There is a growing concern and frustration among Betfred League 1 clubs about the level of funding cuts that will be applied by the RFL to the third tier next season.
Clubs at all levels will face a reduction in central funding in 2022 as part of a lower TV deal, with London Broncos last week announcing a move to a part-time squad on the back of it.
But it is League 1 that will be hit hardest proportionately, with some clubs working on a projected 78 per cent funding cut ahead of the final confirmation from the RFL.
Coventry Bears owner Alan Robinson confirmed publicly that such a reduction could mean the end of his club as a professional operation, and others have since supported his view that the move is short-sighted.
Rochdale Hornets Chairman Andy Mazey has criticised the latest restructure proposals of two top divisions of 10, saying it will solve none of the sport’s underlying problems.
“The more you sit down and think hard about the 2×10’s, format or indeed any interim or short-term proposal, you realise it doesn’t address the issues with the sport at the highest level,” Mazey said.
“Once again it feels like we are kicking the can down the road and are simply shuffling the same old cards in a slightly different way in hope that things might change for the better.
“The second division is still the second division, whatever number of clubs it has and whatever you want to call it.
“Clubs in Super League pulling in 2-3,000 for games is utterly embarrassing.
“Super League’s inability to grow individually as clubs and collectively over a number of decades – whilst frittering away millions of pounds of the game’s valuable broadcast income on overseas coaches and players, rather than investing sufficiently in infrastructure, youth and communities or marketing the product adequately – is the real problem that needs solving.
“Does two 10s with a reduced Super League at the top of the pyramid with the same product, stadiums, clubs and players resolve anything?
“What’s happening at the base of the professional pyramid with people like Alan Robinson at Coventry busting a gut on a small amount of central funding (less than the average wage of a journeyman Super League player) to grow the sport is not the problem, yet some would argue that is the case.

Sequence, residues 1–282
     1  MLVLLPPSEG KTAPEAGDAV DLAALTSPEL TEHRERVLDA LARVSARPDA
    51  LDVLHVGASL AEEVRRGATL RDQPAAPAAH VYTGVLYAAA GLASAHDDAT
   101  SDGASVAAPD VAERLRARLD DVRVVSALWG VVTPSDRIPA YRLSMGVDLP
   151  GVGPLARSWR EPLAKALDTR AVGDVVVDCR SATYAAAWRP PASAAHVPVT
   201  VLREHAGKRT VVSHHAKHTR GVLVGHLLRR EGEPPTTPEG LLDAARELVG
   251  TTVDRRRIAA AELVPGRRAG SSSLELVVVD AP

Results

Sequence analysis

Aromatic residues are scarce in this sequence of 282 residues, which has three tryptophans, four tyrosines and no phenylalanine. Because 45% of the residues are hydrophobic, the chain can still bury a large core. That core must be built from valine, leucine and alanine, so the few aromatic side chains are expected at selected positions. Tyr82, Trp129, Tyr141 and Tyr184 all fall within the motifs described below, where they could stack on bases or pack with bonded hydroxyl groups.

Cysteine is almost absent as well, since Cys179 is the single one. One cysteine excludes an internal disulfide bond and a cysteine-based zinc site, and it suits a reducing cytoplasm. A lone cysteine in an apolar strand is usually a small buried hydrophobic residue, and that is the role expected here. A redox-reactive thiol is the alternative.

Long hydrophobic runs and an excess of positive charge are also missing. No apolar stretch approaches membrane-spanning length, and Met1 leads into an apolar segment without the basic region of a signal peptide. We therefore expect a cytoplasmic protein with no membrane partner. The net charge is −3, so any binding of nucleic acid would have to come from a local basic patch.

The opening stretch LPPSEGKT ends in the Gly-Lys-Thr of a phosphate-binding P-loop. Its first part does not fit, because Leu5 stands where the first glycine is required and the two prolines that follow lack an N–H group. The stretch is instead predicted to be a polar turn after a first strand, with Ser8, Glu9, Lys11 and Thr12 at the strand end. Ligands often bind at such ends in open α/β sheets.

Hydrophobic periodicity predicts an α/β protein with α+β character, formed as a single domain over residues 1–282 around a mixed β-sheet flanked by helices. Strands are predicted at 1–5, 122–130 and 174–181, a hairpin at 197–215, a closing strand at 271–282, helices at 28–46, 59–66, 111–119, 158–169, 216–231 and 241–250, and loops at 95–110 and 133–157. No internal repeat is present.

“If it was an equitable cut – say 30 percent across the board – it would be more understandable. Instead the top are losing around 28 percent and we’re looking at 78 percent.
“A lot of people at this level of the game are very frustrated about it.”
Hunslet coach Alan Kilshaw fears the importance of the third tier is being underestimated by certain figures within the sport.
He said: “I feel there was a bit more of an uproar when the Championship clubs didn’t know what was happening, but that seems to have gone quiet now they know what they are doing.
“The League 1 clubs seem to have been left alone and there’s a lot of self-interest in the game.
“The way I see it, it will be very difficult to keep the players we have with the budgets that are being talked about.
“There are Championship clubs taking advantage of this – a couple of my better players have offers from there and they’ve had deadlines put on them.
“But we need a strong third tier because it’s a pyramid of players pushing through.
“We’ve got an idea of how we would approach it if the budgets are small, which will be younger, local players that we look to develop over the course of the season.
“But you’re in danger of getting close to National Conference standard.”
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